The heading on page 5A in today's Freeps carried the message that big pharma wants us to read and accept:
Study: Medical marijuana ineffective
End of story; but not quite.
A more thorough reading of the article reveals that nothing has been accomplished by the University of Arizona "study," except to demonstrate that there is insufficient data available to prove conclusively that marijuana is an effective treatment for a laundry list of ailments, including anxiety, depression, migraine, and post-traumatic stress disorder.
As Dr. Sue Sisley, a medical doctor and assistant professor of psychiatry and internal medicine, also at the University of Arizona, observes, scientific evidence of efficacy is an
"...unattainable standard" because it is very difficult to perform peer-reviewed studies on drugs that the federal government says have no medical uses.
Witness the University's own policy with regard to cultivation of medical marijuana.
While the use of Medical Marijuana is legal in the state of Arizona, Cannabis spp. remains a Schedule 1 illegal drug under Federal law and as such, Arizona Cooperative Extension cannot be involved with this plant in any form or context-including advice on appropriate applications of pesticides such as insecticides, herbicides and fungicides to control pests or of growth regulators, fertilizers or other substances to improve the growth of Cannabis spp. plants, or advice on appropriate engineering controls or design, growing conditions or environments, and other information used to grow, propagate, manage or enhance production of Cannabis spp.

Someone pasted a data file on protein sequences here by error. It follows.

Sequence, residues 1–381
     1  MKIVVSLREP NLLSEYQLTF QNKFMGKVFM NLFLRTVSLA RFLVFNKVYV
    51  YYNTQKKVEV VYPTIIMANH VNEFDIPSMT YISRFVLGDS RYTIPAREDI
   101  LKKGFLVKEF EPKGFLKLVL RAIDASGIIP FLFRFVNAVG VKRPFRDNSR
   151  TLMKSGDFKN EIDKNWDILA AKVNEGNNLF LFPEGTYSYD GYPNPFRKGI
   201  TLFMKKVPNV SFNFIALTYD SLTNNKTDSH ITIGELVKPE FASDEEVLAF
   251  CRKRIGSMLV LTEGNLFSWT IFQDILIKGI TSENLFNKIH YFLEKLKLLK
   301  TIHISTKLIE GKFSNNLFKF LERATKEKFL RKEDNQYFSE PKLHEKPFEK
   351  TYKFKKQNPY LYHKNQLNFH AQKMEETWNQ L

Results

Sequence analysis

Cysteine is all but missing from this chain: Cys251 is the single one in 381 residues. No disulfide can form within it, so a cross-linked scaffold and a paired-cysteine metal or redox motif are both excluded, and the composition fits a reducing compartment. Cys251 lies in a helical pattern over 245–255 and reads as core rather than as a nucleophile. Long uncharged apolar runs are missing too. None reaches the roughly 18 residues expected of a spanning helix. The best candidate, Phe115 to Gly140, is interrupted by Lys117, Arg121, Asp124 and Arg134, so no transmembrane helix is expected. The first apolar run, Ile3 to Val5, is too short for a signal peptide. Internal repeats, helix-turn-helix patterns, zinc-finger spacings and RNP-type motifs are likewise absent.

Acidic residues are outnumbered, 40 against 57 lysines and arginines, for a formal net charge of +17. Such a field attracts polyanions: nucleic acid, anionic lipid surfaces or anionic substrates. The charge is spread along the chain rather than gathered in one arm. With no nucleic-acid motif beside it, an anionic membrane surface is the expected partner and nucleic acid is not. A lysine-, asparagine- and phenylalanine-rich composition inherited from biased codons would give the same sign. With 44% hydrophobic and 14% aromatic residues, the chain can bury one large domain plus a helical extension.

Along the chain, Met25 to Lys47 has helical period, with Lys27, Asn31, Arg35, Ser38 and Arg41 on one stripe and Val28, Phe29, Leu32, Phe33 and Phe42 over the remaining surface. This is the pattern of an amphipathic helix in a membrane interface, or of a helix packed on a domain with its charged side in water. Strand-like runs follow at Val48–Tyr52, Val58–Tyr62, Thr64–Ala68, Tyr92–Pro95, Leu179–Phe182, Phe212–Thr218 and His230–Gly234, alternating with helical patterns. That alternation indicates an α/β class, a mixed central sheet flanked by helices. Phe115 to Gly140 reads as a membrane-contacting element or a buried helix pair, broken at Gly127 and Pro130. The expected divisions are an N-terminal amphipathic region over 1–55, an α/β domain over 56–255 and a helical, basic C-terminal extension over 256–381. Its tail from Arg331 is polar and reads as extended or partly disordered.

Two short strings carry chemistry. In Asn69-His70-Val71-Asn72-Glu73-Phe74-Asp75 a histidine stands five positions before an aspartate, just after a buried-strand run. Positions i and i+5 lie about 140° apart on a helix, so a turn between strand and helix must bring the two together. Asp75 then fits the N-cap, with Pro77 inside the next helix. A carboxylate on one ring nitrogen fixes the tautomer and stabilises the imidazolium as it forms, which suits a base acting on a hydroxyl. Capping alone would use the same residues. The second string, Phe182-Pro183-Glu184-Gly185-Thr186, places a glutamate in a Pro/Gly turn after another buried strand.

Assistance with medical marijuana plant health questions will not be provided by Extension faculty.
Individuals requesting such information will not be provided referral information
Dr. Sisley points out that Arizona's state health director, Will Humble who together with Arizona's Republican governor Jan Brewer, opposes medical marijuana, is relying on this obstacle to continue supporting his position.
"He knows we'll never be able to do that (prove its efficacy)," said Sisley.
But I suspect the overarching story, once again, is the power of big pharma's long arm of research funding.
It's a familiar pattern to anyone who has taken a look at other university "research" projects whose findings all too predictably reinforce the position of corporate funders.
We saw that with MIT's highly publicized and tainted study that supposedly "proved" no harmful effects from exposures to low-level radiation over long periods of exposure.
What was glaringly evident of MIT's bias, ie. the tremendous investment and embedding of nuclear industry interests in its research efforts, can no doubt also be observed in big pharma's relationship with the University of Arizona research facilities.
In short, the headline should read:
"Big pharma continues to get the results it pays for. Patient needs be damned."